Two decades after the monstrous genocide in Rwanda, we find ourselves asking if history is about to repeat itself in the Central African Republic.
When 800,000 people were murdered in 100 days in Rwanda, the world dragged its feet to respond. From early on, the U.S. knew enough to save lives, but—opportunity after opportunity—it declined. The same is unquestionably true of the UN and for dozens of world leaders and allies who failed to act. When it was over, those leaders spoke the words that should have been on all of our lips from day one: “never again.”
Today, just as we are observing the 20-year commemoration of Rwanda’s genocide, that promise at last took one important step toward fulfillment.
To the north and west of Rwanda lies another landlocked African nation, where mass atrocities are constant, and the threat of genocide grows more real by the day. In the Central African Republic, an explosion of violence between Christian and Muslim militias has led to thousands of civilian murders.
As it was described by UN Secretary-General Ban Ki-moon, who visited CAR this past weekend, the nation has just in the past year “suffered the collapse of the state… and gruesome mass killing that has instilled widespread terror and sparked an exodus,” adding "The international community failed the people of Rwanda 20 years ago. And we are at risk of not doing enough for the people of the CAR today.”
Any one of these concerns would have been enough to spark global intervention. Together they have catalyzed the UN Security Council—with strong leadership from U.S. Ambassador Samantha PowerSamantha Power Obamas welcome Nordic leaders, celebs for state dinner The Hill's 12:30 Report Obama’s Iran playbook gives hope to Darfur MORE—to send 11,800 peacekeepers to CAR, under a mandate to protect civilians, restore rule of law, promote a political process and prevent, investigate, and report on human rights abuses.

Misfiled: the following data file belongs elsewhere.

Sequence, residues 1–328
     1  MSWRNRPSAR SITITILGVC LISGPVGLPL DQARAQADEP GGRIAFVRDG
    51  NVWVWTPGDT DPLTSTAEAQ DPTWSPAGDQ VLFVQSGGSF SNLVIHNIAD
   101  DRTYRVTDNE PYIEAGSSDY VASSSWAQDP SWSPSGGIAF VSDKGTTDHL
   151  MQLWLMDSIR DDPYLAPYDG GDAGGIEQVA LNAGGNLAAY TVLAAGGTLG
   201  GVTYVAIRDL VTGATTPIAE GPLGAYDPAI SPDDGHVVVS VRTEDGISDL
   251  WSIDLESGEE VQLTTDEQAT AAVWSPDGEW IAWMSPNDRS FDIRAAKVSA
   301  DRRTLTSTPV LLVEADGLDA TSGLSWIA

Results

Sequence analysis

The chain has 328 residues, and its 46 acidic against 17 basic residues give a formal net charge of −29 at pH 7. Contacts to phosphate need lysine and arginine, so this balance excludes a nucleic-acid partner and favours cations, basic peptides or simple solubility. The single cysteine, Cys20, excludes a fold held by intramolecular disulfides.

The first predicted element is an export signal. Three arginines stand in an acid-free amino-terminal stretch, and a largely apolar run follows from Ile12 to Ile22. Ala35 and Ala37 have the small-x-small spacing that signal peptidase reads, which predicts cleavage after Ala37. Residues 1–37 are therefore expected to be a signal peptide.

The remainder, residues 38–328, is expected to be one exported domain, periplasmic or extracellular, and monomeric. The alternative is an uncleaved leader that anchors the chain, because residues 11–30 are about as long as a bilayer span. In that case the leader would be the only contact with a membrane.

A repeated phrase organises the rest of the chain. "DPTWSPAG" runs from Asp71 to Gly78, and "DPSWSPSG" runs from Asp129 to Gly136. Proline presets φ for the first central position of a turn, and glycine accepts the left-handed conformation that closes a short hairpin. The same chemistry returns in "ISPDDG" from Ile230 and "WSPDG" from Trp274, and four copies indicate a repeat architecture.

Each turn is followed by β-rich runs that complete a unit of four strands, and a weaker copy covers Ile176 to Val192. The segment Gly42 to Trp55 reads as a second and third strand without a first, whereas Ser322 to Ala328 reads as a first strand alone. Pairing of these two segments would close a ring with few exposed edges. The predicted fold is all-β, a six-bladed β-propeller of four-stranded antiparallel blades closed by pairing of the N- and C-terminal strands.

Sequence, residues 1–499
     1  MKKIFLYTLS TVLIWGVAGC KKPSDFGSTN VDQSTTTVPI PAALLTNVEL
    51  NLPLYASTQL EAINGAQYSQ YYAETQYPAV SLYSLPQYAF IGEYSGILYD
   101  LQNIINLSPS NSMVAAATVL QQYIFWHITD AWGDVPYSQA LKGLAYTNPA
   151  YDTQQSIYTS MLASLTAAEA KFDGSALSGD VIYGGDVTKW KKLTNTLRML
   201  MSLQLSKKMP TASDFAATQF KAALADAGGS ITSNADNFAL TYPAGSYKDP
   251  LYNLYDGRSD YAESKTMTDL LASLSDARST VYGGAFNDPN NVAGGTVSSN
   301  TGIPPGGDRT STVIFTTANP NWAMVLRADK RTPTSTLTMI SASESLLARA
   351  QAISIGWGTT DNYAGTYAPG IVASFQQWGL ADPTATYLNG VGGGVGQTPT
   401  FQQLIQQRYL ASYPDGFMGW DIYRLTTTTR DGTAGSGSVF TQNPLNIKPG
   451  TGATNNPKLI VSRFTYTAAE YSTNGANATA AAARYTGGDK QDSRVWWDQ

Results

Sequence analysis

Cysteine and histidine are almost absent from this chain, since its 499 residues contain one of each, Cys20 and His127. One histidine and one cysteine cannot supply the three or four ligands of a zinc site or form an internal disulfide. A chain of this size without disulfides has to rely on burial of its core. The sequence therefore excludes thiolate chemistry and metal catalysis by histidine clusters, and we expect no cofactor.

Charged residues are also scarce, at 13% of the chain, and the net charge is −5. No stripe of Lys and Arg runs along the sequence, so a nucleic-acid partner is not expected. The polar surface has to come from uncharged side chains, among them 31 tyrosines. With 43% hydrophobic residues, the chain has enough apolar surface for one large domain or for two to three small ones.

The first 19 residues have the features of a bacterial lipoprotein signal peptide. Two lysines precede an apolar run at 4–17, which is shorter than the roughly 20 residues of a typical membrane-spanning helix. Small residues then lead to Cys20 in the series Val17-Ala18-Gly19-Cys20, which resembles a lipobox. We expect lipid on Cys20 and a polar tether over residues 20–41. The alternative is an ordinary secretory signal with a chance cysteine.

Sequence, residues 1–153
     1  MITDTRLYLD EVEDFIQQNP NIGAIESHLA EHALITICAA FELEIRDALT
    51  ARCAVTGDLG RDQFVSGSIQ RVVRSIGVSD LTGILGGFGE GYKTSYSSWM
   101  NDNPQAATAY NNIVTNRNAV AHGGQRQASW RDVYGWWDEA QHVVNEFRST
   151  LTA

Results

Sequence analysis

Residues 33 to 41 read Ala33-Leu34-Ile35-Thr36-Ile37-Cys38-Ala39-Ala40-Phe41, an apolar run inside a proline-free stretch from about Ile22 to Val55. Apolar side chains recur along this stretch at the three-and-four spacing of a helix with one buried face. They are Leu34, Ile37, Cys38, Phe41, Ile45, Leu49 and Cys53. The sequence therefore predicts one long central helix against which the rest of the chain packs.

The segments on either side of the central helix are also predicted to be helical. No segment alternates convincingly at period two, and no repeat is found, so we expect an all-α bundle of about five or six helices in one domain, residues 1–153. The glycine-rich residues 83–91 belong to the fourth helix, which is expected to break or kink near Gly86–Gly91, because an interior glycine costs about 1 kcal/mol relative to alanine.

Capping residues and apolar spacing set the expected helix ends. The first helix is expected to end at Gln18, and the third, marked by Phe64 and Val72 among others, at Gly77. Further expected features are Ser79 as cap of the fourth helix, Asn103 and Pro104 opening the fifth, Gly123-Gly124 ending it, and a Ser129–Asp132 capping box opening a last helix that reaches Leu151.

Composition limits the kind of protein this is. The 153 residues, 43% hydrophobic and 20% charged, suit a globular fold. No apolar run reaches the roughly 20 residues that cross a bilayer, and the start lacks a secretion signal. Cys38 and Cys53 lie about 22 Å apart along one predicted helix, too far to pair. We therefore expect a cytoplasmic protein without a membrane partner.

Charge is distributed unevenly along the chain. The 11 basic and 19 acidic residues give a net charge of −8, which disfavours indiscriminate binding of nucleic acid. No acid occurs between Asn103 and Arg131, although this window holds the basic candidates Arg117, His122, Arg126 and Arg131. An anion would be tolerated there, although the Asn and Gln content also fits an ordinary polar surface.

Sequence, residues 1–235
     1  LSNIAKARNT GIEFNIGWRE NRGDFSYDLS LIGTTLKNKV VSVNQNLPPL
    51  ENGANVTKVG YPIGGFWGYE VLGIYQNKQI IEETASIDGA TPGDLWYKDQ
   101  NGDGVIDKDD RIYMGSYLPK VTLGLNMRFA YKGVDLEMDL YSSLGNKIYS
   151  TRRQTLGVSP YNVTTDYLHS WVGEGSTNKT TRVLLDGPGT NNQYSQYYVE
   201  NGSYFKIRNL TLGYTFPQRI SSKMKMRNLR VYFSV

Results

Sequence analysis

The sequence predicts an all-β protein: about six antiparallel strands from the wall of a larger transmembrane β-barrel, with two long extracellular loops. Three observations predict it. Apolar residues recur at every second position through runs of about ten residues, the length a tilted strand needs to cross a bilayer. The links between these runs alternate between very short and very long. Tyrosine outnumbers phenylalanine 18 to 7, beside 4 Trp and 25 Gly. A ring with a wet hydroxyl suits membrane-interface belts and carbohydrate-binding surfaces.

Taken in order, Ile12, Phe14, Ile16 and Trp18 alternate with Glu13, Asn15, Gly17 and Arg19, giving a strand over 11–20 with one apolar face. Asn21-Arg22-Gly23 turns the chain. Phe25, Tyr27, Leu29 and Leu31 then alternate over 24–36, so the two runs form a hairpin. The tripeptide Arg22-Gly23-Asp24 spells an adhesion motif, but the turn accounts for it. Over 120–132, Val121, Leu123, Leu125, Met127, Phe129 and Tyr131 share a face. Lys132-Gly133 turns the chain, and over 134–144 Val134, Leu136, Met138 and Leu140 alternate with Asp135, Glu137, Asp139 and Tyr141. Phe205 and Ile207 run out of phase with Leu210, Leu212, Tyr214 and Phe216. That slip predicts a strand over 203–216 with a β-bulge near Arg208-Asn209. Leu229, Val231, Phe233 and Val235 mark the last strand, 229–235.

In approving this mission, which will take five months to fully transition from an African Union to UN operation, the UN Security Council and its members have done right by the memory of Rwanda. And while the UN’s action is by absolutely no means a catchall to addressing the world’s atrocities—for example, Syria—the CAR response nonetheless can profoundly change the lives of civilians, millions of whom are facing humanitarian disaster.
Still, our obligation does not end there. While approving this mission gives rise to hope that violence can be halted in CAR, to truly back this effort, the U.S. must also fund its part.
When President Obama submitted his FY 2015 budget request to Congress this year, he wisely anticipated needs in places like CAR, creating a “Peacekeeping Response Mechanism” to pay for the U.S. share of a potential mission. Now, the ball is in Congress’ court to see if the U.S. will follow his lead, and set aside such funding to pay new bills for a CAR mission next year.
As it stands, the U.S. is already in the red on its UN peacekeeping dues. The current FY’14 budget underfunds UN peacekeeping by a debilitating 12 percent. It provides no funding for the UN mission in Mali – a mission the U.S. specifically asked for in the Security Council, and which Republicans and Democrats hailed.